Re: [question] UTF-8 issue

From: Michael D'Errico (
Date: Thu Oct 08 2009 - 11:56:57 CDT

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    It is possible to incorrectly encode a character in UTF-8 using more
    bytes than necessary. For example, an ASCII character is in the range
    of 0 to 127, so it should be encoded into UTF-8 as a single byte with
    that value. But if you look at the way a character is encoded using
    2 bytes, it is possible to encode a number between 0 and 127 into the
    two-byte sequence:

       2-byte UTF-8: 110yyyyx 10xxxxxx
                             ^ ^^^^^^

    A number between 0 and 127 would require all of the 'y' bits to be 0
    with the value encoded in the 7 'x' bits. You could similarly encode
    the same numbers using a three-byte sequence or a four-byte sequence.

    Recently the Unicode Consortium has declared these "non-shortest form"
    sequences to be illegal and you must not treat them as valid. This is
    because it has been possible to trick some software into mis-handling
    user input that contains these alternate encodings. If the software
    was trying to filter out certain harmful character sequences, for
    example, it might accidentally pass through some malicious input.

    To determine that the sequence above is illegal, you should note that
    all of the 'y' bits are 0, so the first byte of the sequence would be
    either C0 or C1 hex. So if your UTF-8 decoder ever sees C0 or C1 as a
    lead byte, it knows that it has found a non-shortest form sequence.

    Another way to do the check is to just decode the UTF-8 sequence as if
    it was valid, then count the number of bits in the resulting value and
    check that it falls within the proper range:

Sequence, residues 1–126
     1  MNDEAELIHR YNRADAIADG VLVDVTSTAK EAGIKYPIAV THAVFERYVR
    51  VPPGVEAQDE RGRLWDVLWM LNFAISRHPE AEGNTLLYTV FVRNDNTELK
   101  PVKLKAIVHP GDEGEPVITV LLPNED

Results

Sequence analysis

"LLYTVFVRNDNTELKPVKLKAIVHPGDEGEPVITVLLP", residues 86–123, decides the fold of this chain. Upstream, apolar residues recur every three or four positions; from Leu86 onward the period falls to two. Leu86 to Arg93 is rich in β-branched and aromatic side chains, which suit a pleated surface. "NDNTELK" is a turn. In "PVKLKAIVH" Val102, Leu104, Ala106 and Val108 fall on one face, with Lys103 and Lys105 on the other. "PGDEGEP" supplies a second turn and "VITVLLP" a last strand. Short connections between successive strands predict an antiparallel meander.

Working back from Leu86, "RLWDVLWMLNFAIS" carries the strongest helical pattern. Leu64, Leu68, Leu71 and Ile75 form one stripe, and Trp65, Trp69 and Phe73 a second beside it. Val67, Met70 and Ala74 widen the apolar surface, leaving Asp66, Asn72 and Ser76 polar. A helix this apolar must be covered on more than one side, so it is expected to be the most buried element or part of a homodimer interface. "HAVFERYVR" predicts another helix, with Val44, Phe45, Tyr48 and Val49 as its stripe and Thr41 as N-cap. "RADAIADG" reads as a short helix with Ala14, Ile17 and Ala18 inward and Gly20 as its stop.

1-byte UTF-8: 7 bits or less
       2-byte UTF-8: between 8 and 11 bits
       3-byte UTF-8: between 12 and 16 bits
       4-byte UTF-8: between 17 and 21 bits

    (You don't need to check the upper bound since that is limited by the

    Furthermore, you need to check that a 4-byte sequence does not encode
    a value beyond 10FFFF hex since those values are not characters. Also
    a 3-byte sequence must not encode a surrogate (D800 through DFFF hex).


    Chat S. Depasucat wrote:
    > im really thankful that i get to find this mailing list.
    > i have few UTF-8 issues that I wish somebody could give light on:
    > I understand that in UTF-8 encoding, Unicode characters can be 
    > represented in more than one way. Like for the US ASCII characters, it 
    > can be represented as "shortest form" and "non-shortest form". With 
    > these issues, java1.6.0_11 changed the UTF-8 charset implementation to 
    > disregard the "non-shortest form".
    > Here are my questions:
    > 1. How does UTF-8 identify that a byte sequence is illegal? That the 
    > sequence is in the non-shortest form?
    > 2. Who/how does "non-shortest form" be encoded?
    >    For xml files for example, who transforms these characters into bytes 
    > which in turn could turn into "shortest" or "non-shortest"?
    >     When a program reads from an xml file with UTF-8 encoding, is it 
    > possible that the byte decoded is in "non-shortest form?"
    > hope somebody could help me understand this.
    > thanks so much

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